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Reasons for Foreign Investment into China

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China is currently ranked number one in the world top destination attracting foreign direct investment (FDI) with the total amount of $128 billion, according to BBC (2015). While leading the world inflow FDI, China is also considered by investors as the second most famous country for offshoring after India (Jain, 2006 cited in Johansson & Reischl, 2009). This essay will inspect different factors that lead foreign companies to invest in China by evaluating the use of comparative advantage theory and others related to it, and the potential political problems caused by distribution of gains from free trade regarding trade with China.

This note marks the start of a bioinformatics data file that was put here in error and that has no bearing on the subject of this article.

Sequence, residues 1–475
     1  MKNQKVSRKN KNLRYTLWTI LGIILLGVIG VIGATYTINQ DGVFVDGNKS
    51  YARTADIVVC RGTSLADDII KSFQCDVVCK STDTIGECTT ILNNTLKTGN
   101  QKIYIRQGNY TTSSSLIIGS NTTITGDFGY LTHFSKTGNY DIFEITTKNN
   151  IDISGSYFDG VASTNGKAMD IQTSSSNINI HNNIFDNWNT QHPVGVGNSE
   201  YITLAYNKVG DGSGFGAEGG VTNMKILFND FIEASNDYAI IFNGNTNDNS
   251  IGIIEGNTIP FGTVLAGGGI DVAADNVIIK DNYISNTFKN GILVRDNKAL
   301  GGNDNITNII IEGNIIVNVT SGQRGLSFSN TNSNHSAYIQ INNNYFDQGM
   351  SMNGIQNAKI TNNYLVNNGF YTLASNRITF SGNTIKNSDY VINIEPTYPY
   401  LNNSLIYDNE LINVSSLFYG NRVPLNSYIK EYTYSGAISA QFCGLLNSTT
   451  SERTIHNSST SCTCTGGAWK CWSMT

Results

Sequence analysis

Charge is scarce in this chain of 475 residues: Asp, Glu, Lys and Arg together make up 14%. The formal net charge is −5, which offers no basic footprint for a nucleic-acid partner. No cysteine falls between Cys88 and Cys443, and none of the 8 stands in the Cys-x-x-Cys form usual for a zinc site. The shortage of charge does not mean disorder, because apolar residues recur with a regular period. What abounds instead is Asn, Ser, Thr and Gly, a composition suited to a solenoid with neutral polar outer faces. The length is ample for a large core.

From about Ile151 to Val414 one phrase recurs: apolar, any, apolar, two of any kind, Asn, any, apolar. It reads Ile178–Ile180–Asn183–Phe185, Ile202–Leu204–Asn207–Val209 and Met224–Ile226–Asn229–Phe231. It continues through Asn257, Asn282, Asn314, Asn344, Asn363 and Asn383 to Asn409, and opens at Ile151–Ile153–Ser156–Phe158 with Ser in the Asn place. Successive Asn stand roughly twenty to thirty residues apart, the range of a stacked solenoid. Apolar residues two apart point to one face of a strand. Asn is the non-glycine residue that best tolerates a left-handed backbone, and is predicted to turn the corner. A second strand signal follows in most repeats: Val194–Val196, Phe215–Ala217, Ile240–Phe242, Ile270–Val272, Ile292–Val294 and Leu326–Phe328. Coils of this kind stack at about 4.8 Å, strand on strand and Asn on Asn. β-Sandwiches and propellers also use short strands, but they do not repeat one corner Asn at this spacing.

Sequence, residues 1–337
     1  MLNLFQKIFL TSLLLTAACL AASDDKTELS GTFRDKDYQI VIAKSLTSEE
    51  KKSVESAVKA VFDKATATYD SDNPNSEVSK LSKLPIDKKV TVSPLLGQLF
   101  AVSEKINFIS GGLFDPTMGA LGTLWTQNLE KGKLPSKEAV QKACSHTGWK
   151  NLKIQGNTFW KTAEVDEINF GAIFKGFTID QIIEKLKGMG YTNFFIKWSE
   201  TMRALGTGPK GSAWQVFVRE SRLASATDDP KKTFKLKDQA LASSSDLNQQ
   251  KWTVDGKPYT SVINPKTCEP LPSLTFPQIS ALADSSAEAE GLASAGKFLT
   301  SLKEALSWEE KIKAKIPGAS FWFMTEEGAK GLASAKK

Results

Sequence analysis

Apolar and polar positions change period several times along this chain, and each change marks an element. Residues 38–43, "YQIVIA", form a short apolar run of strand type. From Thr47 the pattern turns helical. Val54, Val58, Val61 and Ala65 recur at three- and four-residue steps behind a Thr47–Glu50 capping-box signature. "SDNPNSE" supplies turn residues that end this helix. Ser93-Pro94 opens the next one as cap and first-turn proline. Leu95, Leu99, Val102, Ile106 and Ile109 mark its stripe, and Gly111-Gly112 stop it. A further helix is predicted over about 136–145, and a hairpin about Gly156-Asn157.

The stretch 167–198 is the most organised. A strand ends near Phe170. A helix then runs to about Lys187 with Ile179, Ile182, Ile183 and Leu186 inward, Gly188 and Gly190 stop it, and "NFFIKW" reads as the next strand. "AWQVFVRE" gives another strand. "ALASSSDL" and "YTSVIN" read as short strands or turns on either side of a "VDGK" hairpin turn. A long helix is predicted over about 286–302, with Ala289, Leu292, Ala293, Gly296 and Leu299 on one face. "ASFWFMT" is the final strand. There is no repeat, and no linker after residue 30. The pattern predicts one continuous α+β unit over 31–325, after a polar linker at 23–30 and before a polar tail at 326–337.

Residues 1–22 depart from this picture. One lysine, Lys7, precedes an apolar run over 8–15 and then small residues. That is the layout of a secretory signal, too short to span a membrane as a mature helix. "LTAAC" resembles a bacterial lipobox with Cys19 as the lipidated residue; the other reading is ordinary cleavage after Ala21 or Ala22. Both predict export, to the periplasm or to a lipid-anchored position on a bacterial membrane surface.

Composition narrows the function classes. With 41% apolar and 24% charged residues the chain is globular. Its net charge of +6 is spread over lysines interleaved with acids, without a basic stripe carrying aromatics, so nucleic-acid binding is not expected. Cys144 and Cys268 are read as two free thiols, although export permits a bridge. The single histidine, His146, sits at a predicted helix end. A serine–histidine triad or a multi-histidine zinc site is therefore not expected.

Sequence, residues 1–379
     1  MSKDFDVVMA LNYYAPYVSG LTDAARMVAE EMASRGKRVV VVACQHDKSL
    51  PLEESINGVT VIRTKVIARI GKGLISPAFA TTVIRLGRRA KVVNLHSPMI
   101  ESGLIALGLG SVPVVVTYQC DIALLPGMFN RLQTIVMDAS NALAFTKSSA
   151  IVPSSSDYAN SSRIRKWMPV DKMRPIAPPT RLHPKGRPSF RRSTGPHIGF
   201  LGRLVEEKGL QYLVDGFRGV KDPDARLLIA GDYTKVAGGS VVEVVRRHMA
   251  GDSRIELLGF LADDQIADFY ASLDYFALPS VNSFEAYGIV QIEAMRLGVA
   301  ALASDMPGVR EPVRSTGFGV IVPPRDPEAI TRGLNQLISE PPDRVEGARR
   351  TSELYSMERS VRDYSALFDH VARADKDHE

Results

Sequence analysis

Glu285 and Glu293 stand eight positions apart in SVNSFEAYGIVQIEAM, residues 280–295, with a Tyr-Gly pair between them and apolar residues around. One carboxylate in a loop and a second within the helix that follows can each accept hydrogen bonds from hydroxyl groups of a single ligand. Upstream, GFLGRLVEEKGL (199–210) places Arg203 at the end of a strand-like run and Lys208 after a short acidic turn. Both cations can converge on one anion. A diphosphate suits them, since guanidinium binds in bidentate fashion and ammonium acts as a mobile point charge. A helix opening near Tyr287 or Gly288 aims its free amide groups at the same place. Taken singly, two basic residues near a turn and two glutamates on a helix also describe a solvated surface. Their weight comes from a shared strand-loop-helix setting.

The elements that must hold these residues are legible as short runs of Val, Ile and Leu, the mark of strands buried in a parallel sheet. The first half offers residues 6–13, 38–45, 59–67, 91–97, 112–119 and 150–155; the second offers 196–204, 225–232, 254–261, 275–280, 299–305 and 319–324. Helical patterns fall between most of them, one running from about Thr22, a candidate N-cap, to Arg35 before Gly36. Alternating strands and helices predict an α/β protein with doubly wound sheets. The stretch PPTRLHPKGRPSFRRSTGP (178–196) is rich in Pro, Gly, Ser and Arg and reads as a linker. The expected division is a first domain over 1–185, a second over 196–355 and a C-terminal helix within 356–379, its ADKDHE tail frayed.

Comparative advantage theory was developed by David Ricardo in 1817 and is defined by Peng (2014) as “the relative (not absolute) advantage in one economic activity that one nation enjoys in comparison with other nations”. The theory can be applied to the case of China, which includes the ability to manufacture good quality export products and the capability of the highly proficient administration to ensure that low-skilled workers can produce efficiently while meeting the quality standards (Rugman & Collinson, 2009). China took advantage of its large number of people by focusing on its labor-intensive industries and light industries (Lin, Cai & Li, 2003). China Internet Information Center (2001) restated a claim of Jiagui that China has a unique position in advancing its labor-intensive industries. China experienced a very fast improvement turning the country into one of the top manufacturers and suppliers of consumer products. Manufacturing, therefore, plays an important role in Chinese economy since the percentage of the total GDP it accounted for only reduced from 35% in 2001 to 31% in 2013 (World Bank, 2015).